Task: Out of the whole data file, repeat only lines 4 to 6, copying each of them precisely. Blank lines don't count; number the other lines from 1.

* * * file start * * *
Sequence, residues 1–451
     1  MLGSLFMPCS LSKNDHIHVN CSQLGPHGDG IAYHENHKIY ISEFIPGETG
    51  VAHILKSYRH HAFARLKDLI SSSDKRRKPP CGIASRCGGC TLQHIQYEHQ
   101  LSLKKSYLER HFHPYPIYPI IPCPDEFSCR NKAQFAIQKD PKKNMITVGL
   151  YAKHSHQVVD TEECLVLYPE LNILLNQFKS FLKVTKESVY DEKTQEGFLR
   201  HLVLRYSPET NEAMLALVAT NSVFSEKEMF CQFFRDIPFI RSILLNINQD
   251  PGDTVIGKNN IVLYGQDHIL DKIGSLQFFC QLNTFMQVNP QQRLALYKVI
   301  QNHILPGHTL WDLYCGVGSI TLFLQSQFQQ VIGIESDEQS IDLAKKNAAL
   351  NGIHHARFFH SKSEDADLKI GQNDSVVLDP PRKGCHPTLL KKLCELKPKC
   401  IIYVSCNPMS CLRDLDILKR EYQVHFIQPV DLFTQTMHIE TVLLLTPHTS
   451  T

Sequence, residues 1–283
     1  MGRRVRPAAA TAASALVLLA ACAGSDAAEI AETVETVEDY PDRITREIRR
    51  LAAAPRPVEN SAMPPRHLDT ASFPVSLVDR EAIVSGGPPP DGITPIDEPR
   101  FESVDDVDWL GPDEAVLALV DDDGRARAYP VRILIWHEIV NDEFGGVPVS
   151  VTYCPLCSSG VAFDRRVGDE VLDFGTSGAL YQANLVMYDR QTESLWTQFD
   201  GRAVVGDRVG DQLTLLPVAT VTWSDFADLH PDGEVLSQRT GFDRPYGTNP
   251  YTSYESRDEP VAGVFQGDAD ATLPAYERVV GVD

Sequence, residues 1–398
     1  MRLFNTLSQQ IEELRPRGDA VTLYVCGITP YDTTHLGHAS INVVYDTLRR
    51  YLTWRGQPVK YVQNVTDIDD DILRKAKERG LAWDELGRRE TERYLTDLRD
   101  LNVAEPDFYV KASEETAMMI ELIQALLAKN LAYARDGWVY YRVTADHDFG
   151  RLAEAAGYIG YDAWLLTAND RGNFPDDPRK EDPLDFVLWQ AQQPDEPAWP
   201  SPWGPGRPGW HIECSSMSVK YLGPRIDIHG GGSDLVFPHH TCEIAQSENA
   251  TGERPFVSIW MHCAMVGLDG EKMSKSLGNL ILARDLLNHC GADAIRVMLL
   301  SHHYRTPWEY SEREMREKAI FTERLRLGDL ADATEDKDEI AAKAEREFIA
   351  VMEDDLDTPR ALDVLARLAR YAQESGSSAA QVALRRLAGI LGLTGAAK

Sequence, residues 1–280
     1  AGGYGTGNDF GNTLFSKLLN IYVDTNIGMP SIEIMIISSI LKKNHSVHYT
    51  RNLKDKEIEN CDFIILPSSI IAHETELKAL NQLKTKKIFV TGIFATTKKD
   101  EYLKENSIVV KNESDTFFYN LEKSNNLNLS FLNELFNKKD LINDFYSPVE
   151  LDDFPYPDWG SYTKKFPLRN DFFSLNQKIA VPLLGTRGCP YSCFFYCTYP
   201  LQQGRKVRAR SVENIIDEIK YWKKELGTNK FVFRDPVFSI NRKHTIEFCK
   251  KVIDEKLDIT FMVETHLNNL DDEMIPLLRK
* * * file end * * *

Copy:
   101  LSLKKSYLER HFHPYPIYPI IPCPDEFSCR NKAQFAIQKD PKKNMITVGL
   151  YAKHSHQVVD TEECLVLYPE LNILLNQFKS FLKVTKESVY DEKTQEGFLR
   201  HLVLRYSPET NEAMLALVAT NSVFSEKEMF CQFFRDIPFI RSILLNINQD